Tuesday, March 24, 2009

Interpretive Tuesday

I stumbled across this quote and I actually had to read it several times and let it sink in before I came up with my own interpretation. I'm curious as to how others interpret this, so have at it. What does this quote 'say' to you?

"Ethics cannot be based upon our obligations toward [people], but they are complete and natural only when we feel this Reverence for Life and the desire to have compassion for and to help all creatures insofar as it is in our power. I think that this ethic will become more and more recognized because of its great naturalness and because it is the foundation of a true humanism toward which we must strive if our culture is to become truly ethical."

Albert Schweitzer


sherri said...

I think true ethics are laws written on our hearts.

They are natural because they come from deep within our soul-

We naturally desire to save and protect what we hold most dear.

Helen said...

He completely lost me at the word humanism. Until then, I was thinking Matthew 5:46 "If you love those who love you, what reward will you get? Are not even the tax collectors doing that?" and Matthew5:47"And if you greet only your brothers, what are you doing more than others? Do not even pagans do that?" Jesus was saying we have to expand the scope of our concern. That is what I was reading here until Al started talking about naturalness and humanism. First of all, there is nothing natural about extending the scope of our concern beyond those who immediately affect our lives. Second of all, humanism missing the essential component humans were actually created for: God.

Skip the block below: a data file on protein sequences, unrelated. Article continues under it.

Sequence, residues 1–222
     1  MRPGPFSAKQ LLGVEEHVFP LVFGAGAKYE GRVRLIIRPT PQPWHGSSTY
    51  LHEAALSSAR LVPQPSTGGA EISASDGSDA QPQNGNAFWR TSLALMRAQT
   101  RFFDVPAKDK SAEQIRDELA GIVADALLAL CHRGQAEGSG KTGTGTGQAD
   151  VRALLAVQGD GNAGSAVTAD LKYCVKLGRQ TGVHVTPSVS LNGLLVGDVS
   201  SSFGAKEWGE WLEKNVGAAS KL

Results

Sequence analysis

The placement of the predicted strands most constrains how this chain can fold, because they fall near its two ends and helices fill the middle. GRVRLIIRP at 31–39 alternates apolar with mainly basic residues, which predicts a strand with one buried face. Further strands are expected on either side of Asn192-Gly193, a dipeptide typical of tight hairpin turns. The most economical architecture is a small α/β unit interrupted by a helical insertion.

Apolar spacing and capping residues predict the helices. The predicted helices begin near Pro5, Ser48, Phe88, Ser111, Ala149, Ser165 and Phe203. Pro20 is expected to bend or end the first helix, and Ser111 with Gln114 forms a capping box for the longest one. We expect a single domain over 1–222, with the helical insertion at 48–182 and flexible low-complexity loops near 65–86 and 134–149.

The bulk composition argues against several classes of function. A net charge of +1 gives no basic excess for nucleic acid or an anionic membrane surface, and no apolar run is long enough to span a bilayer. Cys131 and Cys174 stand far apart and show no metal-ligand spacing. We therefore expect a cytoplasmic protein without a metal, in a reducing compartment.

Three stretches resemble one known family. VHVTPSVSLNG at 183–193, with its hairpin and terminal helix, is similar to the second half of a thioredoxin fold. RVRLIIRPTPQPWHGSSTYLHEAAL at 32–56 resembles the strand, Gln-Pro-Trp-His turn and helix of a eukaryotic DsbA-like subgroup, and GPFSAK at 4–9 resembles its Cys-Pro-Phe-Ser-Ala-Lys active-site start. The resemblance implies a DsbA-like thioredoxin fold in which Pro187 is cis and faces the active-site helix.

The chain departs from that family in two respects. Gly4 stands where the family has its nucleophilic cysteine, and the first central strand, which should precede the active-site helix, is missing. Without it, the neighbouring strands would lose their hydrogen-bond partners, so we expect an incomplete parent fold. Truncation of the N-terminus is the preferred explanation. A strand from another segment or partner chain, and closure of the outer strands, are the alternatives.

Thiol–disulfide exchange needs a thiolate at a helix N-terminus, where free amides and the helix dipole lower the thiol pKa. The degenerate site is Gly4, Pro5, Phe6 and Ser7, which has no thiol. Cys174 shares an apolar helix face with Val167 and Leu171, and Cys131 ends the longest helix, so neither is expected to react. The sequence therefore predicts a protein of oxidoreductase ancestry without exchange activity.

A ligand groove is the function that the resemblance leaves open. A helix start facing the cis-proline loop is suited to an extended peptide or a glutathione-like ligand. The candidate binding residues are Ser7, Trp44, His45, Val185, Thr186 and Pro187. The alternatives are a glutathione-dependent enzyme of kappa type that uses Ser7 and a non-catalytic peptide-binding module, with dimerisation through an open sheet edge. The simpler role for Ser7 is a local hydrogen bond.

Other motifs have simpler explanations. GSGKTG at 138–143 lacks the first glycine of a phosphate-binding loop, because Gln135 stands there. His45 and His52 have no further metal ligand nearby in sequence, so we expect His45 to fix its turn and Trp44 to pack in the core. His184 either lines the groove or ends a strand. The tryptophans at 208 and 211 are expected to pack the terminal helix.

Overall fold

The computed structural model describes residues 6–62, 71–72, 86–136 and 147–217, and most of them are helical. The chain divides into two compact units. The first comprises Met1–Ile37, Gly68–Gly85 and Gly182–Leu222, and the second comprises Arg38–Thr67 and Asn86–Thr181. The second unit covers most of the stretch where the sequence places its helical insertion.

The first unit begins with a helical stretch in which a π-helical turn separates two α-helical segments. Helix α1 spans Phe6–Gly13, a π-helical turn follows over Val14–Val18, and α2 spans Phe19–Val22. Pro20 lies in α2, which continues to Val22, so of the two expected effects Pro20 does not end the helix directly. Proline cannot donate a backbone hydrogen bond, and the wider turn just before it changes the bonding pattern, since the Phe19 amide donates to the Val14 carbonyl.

Sorry about the tangent. It will be interesting to see what others come up with.

katdish said...

What Helen said...

Schweitzer's quote is based upon the flawed observation that man is basically good.

Steph at The Red Clay Diaries said...

I find it interesting that Schweitzer, thru humanism, has taken a roundabout path to arrive at a Biblical truth.

This seems to confirm what I believe: that God's truth is true, regardless of whether you accept the Bible as its source.

Just today I had to figure out some discipline for my son for being disrespectful to me. I knew I wanted to avoid making it about ME or my feelings, and focus on the wrongness of the behavior, period. That's what came to my mind from the quote.

Beth said...

Wow- good thoughts, gals!

My first thought is that a lot depends on how you define "help" and "compassion" and "reverence for life."
I might have to have to consult my bio-ethics expert father on this one...he has this ability to explain tough ethical issues like no one else can.

But from my own observation, my three and four year old do NOT have a natural tendency to help others when it gets in the way of their own desires. I have to teach and reinforce a Biblical perspective on life every day. Just like God does with me.

bob "catsmeat" migon said...

This really is Helen's husband. I do think that the quote can make "ethics" a realm of impersonal Principles. We should love everyone because they are made in the image and likeness of God - not because the expansion of some abstract principle makes us feel better

katdish said...

Okay. Now I'm jealous! How come Bob leaves a comment on Annie's blog? No fair.

I suppose I actually have to write something of substance. I can forget tomorrow's post for sure!

Annie K said...

Bob, you DO exist. I am honored that you would leave a most profound comment on my blog.

I believe that A.S.'s philosophy was flawed. He wanted to believe that people are basically ethical and practice ethics as a norm (or, in Kat's words, he believed that people are basically good.) But actually, people, by nature are sinful, which is evil. He didn't deal with the sinful nature of people and that is where I believe he went wrong.